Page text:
In Personalized Learning, mentoring is defined as the weekly, one-to-one connection between a student and an assigned adult in the school. The pair uses a rigorous and customized set of tools to set goals, determine strategies, reflect on successes and setbacks. The content of these mentoring conversations is generalized so that students can see how habits are supporting and hindering academic, extracurricular, and personal success and any places where support is needed.

Mentoring typically starts with ensuring there is a connection between the mentor and mentee, as this connection becomes the foundation of trust upon which honest conversations can happen about progress and struggles. This connection allows mentors and mentees to build a weekly cadence for conversations about progress in which the mentee prepares by reflecting on what worked and what didn’t from the previous week, and the mentor provides feedback and suggestions.


Conversations are rigorous and personalized.

  • Mentors build rigorous check-in agendas for their mentees which they are able to share with them in the Summit Learning Platform. Mentees receive these agendas and prepare for their check-ins. Over time, the onus of planning shifts from the mentor to the mentee as the mentee develops the practices and routines to reflect on progress and consider alternative strategies in advance of the check-in and uses the check-in as a consultation. Mentors are equipped with sample agendas and many strategies for ensuring that the check-in stays focused and also that it is responsive to the unique learning needs of the individual mentee.

Mentors several roles.

  • As a mentor, our personalized learning educators become the point-person for the student and the family. Students know they can go to their mentor as a central point of contact at the school and, over time, families build a connection with the mentors that allows them to always know that they can reach out to find out about their child’s progress or school experience. As such, mentors are typically a liaison between the school community and the student and family.
  • Mentors are also accountability partners for students. With a deep understanding of the Summit Learning Outcomes and the school expectations, the mentor stays up-to-date with a student’s progress across all classes and supports the student to build systems that allow for on-track grades. The mentor is also a coach for Habits as check-ins often highlight habit goal areas. Mentors might help students who get stressed by upcoming deadlines consider ways of positively directing that stress. They may support students who are struggling to find a sense of belonging in the school community to consider strategies to engage.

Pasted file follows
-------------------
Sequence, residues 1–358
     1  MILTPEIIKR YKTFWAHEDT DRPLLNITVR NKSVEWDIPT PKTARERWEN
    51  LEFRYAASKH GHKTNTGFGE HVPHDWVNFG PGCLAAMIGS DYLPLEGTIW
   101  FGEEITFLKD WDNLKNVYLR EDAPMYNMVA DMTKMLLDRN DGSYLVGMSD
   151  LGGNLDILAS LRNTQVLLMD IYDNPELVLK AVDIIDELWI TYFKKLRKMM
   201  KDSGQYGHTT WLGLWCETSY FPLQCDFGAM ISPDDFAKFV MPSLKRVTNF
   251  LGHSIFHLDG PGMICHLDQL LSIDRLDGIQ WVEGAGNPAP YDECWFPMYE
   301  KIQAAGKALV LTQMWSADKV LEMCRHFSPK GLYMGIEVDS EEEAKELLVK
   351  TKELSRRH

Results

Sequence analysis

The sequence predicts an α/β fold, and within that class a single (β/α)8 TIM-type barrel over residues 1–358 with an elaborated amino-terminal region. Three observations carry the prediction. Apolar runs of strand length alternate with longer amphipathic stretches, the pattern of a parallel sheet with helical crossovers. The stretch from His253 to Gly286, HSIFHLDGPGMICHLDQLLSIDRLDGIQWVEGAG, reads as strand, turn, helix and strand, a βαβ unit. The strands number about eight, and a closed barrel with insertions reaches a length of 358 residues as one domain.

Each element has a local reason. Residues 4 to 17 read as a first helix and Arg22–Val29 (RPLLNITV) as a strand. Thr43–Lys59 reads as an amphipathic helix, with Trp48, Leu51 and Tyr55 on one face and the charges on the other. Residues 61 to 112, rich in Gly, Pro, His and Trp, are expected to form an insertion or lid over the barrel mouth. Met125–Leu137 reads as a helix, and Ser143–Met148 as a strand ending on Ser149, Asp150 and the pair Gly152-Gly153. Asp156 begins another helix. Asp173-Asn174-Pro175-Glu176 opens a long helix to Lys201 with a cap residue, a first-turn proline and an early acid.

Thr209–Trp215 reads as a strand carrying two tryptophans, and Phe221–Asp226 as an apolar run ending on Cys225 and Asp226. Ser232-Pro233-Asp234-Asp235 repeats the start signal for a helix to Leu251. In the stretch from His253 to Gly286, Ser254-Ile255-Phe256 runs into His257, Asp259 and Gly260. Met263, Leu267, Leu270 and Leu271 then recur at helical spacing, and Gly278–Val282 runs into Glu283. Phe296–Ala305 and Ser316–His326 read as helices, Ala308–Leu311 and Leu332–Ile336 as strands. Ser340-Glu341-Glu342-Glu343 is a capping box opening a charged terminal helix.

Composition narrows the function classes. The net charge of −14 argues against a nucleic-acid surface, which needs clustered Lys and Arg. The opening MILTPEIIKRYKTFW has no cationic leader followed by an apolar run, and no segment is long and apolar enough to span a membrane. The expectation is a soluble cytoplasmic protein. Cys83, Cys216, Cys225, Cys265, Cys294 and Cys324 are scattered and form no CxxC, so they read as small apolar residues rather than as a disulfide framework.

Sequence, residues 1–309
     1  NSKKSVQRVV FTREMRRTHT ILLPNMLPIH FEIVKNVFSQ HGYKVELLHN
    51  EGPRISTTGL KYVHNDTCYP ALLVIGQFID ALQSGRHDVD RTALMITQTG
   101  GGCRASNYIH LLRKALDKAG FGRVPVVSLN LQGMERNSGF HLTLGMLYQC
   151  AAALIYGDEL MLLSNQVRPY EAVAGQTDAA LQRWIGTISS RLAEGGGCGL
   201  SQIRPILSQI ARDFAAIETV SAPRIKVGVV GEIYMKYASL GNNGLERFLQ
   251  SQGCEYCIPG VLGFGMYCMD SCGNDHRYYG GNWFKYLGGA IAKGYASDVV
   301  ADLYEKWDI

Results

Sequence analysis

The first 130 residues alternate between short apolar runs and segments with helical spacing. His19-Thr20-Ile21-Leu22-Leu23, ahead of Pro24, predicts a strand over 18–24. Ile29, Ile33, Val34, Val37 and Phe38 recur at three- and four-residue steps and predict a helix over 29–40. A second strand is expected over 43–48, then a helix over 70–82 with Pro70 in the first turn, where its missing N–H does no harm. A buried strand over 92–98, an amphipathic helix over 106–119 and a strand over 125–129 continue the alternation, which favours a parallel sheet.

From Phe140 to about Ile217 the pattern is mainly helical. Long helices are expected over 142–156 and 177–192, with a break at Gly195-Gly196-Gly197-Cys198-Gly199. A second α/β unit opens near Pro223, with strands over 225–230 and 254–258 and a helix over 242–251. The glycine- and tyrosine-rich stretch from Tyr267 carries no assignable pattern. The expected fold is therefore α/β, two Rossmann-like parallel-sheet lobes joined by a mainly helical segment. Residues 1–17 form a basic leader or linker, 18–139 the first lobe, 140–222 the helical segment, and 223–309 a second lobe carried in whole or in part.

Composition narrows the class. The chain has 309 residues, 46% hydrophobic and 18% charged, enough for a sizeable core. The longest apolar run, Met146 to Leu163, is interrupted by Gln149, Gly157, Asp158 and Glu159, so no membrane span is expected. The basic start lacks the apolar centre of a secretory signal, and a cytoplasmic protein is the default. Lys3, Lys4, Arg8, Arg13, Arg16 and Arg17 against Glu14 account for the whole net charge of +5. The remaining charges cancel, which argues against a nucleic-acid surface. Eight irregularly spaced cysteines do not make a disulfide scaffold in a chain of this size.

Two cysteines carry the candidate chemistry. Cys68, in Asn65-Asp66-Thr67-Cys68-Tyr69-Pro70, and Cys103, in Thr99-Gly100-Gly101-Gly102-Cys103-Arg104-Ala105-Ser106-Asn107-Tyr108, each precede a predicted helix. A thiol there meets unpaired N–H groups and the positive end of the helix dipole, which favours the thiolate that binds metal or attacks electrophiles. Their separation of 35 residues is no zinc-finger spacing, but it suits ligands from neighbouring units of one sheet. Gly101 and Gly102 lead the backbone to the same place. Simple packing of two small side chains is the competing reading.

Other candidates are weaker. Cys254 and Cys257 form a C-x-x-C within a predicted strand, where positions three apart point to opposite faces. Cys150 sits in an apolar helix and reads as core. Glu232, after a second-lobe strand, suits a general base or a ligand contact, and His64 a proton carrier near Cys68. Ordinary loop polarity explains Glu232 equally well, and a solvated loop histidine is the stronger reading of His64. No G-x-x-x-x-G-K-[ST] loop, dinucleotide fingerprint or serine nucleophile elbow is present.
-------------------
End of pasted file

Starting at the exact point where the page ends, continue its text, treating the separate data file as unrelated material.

• Finally, the mentor is the point person for the student when considering what is next. In high schools, this looks like being a formal or informal advisor as the student considers post-secondary options.

There is a balance between academic accountability and habit development.

  • Personalized Learning mentors often feel a tension between being the point of accountability for academic progress and the coach of Habits. When acting as the Habits coach, the mentor wants to support the student in working through the self-directed cycle of setting goals, making and executing on a plan, and assessing whether the plan was successful. When acting as the academic accountability point of contact, the mentor wants to tell the student what s/he needs to do to complete an upcoming checkpoint or pass an overdue content assessment. Wearing these two different hats takes balance. The most effective Summit Learning mentors learn that, until students have strong habits, their role is to provide scaffolds that can be easily removed.



  • Students prepare for their weekly check-ins by responding to the prompts their mentors share and by reflecting on how they met or struggled to meet their goals. Students come to the check-in ready to connect with their mentor so that they are comfortable sharing what is supporting their success and what is causing any gaps. Students are open to and ready to accept feedback and challenges that are presented to them by their mentor and, over time, by themselves as they internalize the structures of mentoring and build those into their own systems.  


  • Teachers prepare for weekly check-ins by scoping out an appropriate agenda or giving feedback on an agenda designed by a mentee. They come to the check-in ready to connect with their mentees so they can be a trusted figure with whom a mentee is ready to reflect and share. They are also a point of accountability and representative of the outside world with its deadlines and expectations. Teachers provide scaffolds for habits until mentees are ready to build their own systems and structures.


  • The Platform hosts agendas that mentors and mentees can share. This allows preparation that facilitates rigorous, consistent check-ins. The Platform also allows students and their teachers to review both academic progress from the week and the goals and learning strategies that students used to achieve them. The Platform also allows families to see what is being discussed during the mentor check-in and the underlying student results that motivated that conversation.


Contributed by Lisa Krapfl, Wahlert Catholic High School Assistant Principal





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